Just over a year ago the Fisher family was rocked by tragic news when their youngest son, Ethan, was diagnosed with Fancomi Anemia.
After the family circled their wagons and processed everything, they decided to use their public status and Ethan's diagnosis as a platform to raise awareness in the hopes of not just helping their own child, but others affected by the disorder as well.
It was then that the Kidz 1st fund was born, and in the year since its launch it's had some pretty profound effects. According to Kidz 1st:
"FA is a genetic disease which causes possible birth defects, bone marrow failure, and eventually leads to cancer years earlier than the general population."
The odds you knew anything about this rare disease before Kidz 1st were slim-to-nil, unless of course you knew someone affected by it.
A year after launching the foundation though, Kidz 1st has made an impact by leading an awareness-raising legislative campaign in Washington DC in addition to raising over 500,000 dollars in contributions towards FA research at the University of Minnesota's Amplatz Childrens' Hospital.
Perhaps one of the less noted impacts though has been on Florida State's head coach.
"[It's been] crazy, it really has been, it's put a lot of things into perspective for me in a different way," said Fisher of the past year of his life. "But also, the urgency, like they say you only get one go-round with these things. So make all the times you spend with people, all the time you coach [count]. We don't know when anything can happen in life, so enjoy every day."
Fisher, who is known for his fiery, no non-sense demeanor, admits the scare with his youngest son and the philanthropic work that scare has inspired has given him a fresh perspective on life.
"In the beginning it was a down thing, because you have to recover from it. But now what I think it's done is it's changed my outlook to a positive. Live life. They say it all the time, them kids, YOLO, you only live once," remarked Fisher, causing a ripple of laughter to burst through the back of the room.
"And you take it as a joke, but I'm going to tell you now, [when] things get put into perspective for you, you've got to remember something, you can't take things with you."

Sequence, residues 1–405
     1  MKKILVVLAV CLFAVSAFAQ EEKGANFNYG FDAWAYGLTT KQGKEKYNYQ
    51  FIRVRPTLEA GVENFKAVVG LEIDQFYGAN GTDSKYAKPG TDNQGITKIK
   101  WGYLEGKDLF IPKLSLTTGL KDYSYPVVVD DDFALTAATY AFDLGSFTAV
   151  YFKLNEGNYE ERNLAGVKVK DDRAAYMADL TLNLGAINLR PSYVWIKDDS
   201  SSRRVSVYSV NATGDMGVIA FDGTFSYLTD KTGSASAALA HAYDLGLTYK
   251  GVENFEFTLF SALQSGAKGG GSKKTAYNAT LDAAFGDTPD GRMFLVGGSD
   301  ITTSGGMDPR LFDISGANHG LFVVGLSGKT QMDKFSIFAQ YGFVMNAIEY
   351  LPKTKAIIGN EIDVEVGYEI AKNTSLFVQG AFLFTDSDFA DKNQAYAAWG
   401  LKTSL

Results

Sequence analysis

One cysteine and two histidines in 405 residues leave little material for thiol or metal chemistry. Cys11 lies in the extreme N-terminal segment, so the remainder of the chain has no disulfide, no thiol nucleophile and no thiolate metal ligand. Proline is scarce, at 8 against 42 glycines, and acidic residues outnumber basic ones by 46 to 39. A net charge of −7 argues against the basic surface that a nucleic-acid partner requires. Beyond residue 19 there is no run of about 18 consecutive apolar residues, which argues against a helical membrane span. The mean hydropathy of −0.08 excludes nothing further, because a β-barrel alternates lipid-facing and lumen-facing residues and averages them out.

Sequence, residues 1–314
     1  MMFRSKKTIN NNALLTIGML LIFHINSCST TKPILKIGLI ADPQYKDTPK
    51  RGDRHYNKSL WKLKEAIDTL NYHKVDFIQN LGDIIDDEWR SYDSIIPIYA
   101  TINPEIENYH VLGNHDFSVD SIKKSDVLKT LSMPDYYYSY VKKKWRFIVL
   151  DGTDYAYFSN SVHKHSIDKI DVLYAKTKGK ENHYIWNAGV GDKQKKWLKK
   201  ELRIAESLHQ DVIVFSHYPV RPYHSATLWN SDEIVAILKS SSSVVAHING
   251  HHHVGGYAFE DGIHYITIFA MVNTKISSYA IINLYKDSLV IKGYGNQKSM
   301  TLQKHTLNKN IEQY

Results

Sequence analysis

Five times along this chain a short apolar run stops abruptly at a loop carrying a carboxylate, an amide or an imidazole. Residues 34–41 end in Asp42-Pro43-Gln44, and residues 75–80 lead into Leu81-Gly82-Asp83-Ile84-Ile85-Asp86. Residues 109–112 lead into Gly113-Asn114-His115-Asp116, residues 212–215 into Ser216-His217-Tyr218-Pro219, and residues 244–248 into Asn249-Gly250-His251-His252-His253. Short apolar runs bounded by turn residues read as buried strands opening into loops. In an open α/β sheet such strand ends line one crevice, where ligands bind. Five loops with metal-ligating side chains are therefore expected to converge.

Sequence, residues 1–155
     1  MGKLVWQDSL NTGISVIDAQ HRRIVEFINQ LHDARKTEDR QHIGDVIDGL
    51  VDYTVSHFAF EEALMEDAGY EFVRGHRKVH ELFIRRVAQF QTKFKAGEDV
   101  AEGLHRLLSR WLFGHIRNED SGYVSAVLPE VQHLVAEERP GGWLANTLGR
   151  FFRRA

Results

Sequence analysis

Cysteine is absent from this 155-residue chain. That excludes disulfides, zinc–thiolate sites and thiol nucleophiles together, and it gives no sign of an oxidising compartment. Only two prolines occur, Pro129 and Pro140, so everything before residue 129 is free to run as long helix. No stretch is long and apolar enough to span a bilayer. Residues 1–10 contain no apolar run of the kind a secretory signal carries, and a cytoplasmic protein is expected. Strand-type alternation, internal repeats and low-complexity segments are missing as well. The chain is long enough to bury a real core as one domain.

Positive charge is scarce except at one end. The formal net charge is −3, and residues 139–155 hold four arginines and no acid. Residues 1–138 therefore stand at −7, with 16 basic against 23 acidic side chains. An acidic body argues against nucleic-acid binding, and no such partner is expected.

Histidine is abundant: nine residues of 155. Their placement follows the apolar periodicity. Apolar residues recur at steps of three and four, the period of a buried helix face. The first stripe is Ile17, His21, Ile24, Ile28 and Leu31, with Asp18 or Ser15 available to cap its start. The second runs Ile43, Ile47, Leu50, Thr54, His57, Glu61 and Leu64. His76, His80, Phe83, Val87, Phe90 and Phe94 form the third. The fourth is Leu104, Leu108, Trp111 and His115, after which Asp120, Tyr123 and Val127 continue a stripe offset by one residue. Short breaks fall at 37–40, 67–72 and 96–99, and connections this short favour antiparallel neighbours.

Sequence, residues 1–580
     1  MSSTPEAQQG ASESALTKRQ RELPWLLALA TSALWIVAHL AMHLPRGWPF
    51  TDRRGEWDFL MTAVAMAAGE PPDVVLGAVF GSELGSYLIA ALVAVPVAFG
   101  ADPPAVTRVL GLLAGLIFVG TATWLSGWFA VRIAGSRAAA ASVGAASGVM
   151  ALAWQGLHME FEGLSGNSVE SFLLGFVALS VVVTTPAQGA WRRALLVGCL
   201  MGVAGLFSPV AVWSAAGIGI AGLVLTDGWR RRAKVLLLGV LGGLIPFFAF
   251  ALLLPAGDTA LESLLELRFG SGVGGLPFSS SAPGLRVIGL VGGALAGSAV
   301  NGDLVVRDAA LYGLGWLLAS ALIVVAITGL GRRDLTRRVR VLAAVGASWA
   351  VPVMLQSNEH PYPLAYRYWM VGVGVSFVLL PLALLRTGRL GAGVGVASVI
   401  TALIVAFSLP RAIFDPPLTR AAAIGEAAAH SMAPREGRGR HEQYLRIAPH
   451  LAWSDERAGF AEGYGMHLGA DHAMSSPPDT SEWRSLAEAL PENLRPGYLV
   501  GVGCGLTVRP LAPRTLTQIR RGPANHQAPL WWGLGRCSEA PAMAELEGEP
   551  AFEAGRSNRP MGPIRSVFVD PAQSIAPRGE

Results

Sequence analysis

That new perspective has rubbed off on his team, it's inherent in the message he delivers to his team about quiet confidence. Not outward brashness but a calm, inward confidence in your preparation, program, coach's expectations and in your teammates. It may be sutble to some of the newcomers, but others like fifth-year senior QB EJ Manuel have noticed the slight shift in tone.
"Definitely, like [we've talked about] with a quiet confidence, Jimbo seems very relaxed and that always makes us relaxed," said Manuel.
Manuel was one of the first players Jimbo recruited when he arrived in Tallahassee as Bobby Bowden's offensive coordinator and the head-coach-in-waiting. Their relationship spans back to high school, Manuel is now heading into his fifth collegiate season under Fisher's tutelege.
After countless hours working in close proximity, if anyone on this team knows its head coach, its Manuel.
"You pretty much take the attitude that you get from your head coach, so when [Coach Fisher's] in good spirits we're in good spirits and when he's not, we're not," said Manuel. "He's our leader and he's who we look to in good and bad times. I think he's excited about the season, I think he sees a lot in us, he was talking about potential but we have to bring our potential into action."
That's a prospect Fisher seems confident in when you listen to him describe his seniors and the effect having three full recruiting classes in-house has had on the overall caliber of the athletes. And while a coach is always positive at the beginning of the season, Fisher's shift in tone seems to be a bit more genuine, a bit less steeped in false bravado.
"I've got a great job, I'm in a great atmosphere, I'm going to have fun with it, coach the heck out of them and we're going to win and do it in a positive way and not always worry sometimes about what you can lose, but worry about what you can have," opined Fisher.
"I think our world all the time worries about what you can lose or what can't happen and this and that, well what about what can happen? How about thinking positive and living every day and appreciating every day? This [past year] put it in a whole new perspective for me."